Clothing made from mushrooms: a circular start-up from Soest called MycoTEX is making it possible. The company has developed a groundbreaking production technology for the fashion industry based on the biomaterial mycelium, the root-like structure of a mushroom. This is serious business, because the approach enables MycoTEX to create clothing and accessories using far less energy, water and chemicals than are needed for those made from textile or leather.
A garment made by MycoTEX using mushroom threads. Photo credit: MycoTEX
The company is able to skip steps like cutting and sewing fabric because its products are 3D printed, with no seams and zero waste. This offers big advantages: no chemicals, no pesticides and up to an impressive 50–70 per cent reduction in CO2 emissions and water consumption. Also, manufacturing locally means that little transport is needed.
Economy of the future
Because its economic agenda calls for action to address major social issues, for example through circular entrepreneurship, the province of Utrecht is investing in MycoTEX through its regional development corporation (ROM Utrecht Region). The province of Utrecht is one of the initiators of as well as a shareholder in ROM Utrecht Region, which was founded in 2020 for the purpose of shaping the economy of the future. Sustainability, digitisation and health are key priorities of this economy.
Strong, flexible fabric
Aniela Hoitink is the passionate CEO of MycoTEX. She is a designer, a scientist and founder of the NEFFA research institute, where a usable textile was developed from mycelium. “My background is in the fashion industry. The wastefulness started to bother me so much that in 2014, at Utrecht University, I started cultivating mushroom threads, or hyphae, from mushrooms to make a strong, flexible fabric. Those efforts were successful and we’ve had our own laboratory since 2017. The fabric feels a bit like leather and is biodegradable. I’m extremely enthusiastic about the rapid development. On top of that, we’ve now also developed a production method that will enable us to scale-up quickly, as doing so will require only a few additions to existing machinery. It’s the combination of the two that interests us, because if we only increase the sustainability of the material, we’ll never make the fashion industry circular. The only way to do that is to change the entire production chain. That’s why we’re so very pleased that ROM Utrecht Region is investing in this project.”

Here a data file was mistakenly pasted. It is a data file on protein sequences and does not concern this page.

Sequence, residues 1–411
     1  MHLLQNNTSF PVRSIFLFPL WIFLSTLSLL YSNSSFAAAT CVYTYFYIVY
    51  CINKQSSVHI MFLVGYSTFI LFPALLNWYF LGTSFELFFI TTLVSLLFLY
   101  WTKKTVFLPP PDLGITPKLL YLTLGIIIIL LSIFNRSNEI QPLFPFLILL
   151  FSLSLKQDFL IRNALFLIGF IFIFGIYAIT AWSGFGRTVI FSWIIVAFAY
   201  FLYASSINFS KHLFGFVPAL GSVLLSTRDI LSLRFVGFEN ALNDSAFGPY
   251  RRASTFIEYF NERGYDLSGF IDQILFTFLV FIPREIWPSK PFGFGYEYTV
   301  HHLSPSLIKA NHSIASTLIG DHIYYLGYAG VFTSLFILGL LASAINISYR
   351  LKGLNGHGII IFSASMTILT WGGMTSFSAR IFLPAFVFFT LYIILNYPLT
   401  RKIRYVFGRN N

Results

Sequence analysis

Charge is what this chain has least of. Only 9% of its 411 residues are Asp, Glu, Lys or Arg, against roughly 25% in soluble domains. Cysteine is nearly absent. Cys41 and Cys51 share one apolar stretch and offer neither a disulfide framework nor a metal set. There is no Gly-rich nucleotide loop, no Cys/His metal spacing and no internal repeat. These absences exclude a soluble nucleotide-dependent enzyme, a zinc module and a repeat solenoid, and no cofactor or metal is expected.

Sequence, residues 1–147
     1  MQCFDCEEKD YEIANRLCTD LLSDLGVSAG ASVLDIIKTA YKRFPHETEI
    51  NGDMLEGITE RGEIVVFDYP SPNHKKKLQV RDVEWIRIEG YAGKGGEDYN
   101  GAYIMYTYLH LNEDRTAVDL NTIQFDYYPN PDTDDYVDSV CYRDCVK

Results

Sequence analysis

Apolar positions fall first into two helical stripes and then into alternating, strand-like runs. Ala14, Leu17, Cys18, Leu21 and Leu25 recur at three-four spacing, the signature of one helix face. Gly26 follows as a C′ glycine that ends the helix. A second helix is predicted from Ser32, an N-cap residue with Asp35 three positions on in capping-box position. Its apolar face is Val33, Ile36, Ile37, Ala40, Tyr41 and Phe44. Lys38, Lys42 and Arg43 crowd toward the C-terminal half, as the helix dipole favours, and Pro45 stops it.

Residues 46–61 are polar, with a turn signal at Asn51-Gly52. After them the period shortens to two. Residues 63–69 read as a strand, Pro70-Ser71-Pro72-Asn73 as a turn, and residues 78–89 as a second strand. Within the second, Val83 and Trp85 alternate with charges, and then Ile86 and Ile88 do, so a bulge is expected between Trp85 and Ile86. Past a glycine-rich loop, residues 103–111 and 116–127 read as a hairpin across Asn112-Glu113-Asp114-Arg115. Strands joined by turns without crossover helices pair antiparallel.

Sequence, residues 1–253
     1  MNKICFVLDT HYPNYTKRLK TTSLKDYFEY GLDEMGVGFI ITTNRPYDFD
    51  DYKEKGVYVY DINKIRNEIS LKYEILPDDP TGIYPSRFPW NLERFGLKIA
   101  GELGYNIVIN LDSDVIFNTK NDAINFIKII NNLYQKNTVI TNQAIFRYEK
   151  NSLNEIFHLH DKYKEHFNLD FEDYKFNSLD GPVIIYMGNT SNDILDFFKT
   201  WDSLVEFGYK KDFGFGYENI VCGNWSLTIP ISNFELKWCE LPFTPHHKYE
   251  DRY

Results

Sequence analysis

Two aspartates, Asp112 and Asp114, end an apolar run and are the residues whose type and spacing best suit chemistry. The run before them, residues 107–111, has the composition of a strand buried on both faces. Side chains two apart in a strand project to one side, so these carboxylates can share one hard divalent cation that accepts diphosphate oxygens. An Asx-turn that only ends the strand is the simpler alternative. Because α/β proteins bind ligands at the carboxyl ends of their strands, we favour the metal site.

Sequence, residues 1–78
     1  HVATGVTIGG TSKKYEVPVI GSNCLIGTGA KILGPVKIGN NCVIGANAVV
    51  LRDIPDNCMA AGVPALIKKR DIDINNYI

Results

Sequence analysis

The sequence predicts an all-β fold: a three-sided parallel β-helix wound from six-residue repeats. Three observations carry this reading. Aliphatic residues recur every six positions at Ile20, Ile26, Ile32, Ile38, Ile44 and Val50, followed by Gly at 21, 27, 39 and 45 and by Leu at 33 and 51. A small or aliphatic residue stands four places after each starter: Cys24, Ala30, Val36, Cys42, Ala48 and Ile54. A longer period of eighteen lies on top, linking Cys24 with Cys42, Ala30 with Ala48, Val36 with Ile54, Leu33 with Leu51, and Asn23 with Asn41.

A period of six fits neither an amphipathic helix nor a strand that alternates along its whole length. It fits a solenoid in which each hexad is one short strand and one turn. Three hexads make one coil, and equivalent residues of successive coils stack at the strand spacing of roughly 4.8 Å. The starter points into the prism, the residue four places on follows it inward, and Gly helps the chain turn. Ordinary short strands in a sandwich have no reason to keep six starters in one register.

The fashion industry is one of the most heavily polluting sectors in the world, thanks to copious overproduction, pollution-causing raw materials such as plastic, the use of chemicals and a great deal of waste and transport. There is an urgent need to increase sustainability. However, the sector is taking only marginal steps and the production of clothing and shoes combined accounts for no less than eight per cent of all greenhouse gas emissions worldwide. Whereas 40 per cent of textile products being manufactured today end up on the rubbish heap, MycoTEX works to prevent this by cultivating precisely the quantity of mushroom threads it needs for a given design. Those threads are grown in water, without the use of chemical additives.
Hoitink: “Clothing brands are extremely interested, because the transition to sustainability is in full swing. We offer an overall concept for making innovative products that are both sustainable and in keeping with the latest trend. I expect we’ll be entering the market next year. Thanks to our automated production method, we’ll be able to handle a high production volume. But at the same time, we’re critical. We don’t want our fabric to be cut and sewn, because that serves to perpetuate the poor conditions you sometimes find in sewing workshops. Besides, the lack of seams is what identifies our line as one that guarantees sustainability: if a piece is seamless, you know it’s all right.”
Aniela Hoitink of MycoTEX at work. Photo credit: MycoTEX
Fund the intermediate stage
When it comes to retaining sustainable start-ups for the Dutch business community, Hoitink envisions a larger role for the government: “The Dutch government often funds sustainable companies at launch and at the end of the process, once they’ve become scalable, but much less frequently during the tricky intermediate stage. As a result, promising Dutch start-ups pack up and move to other countries – the United States in particular – specifically because they’re willing to finance that stage. Help companies get through that intermediate stage, or else a great deal of Dutch know-how will slip away across the border.”
Source: Provincie Utrecht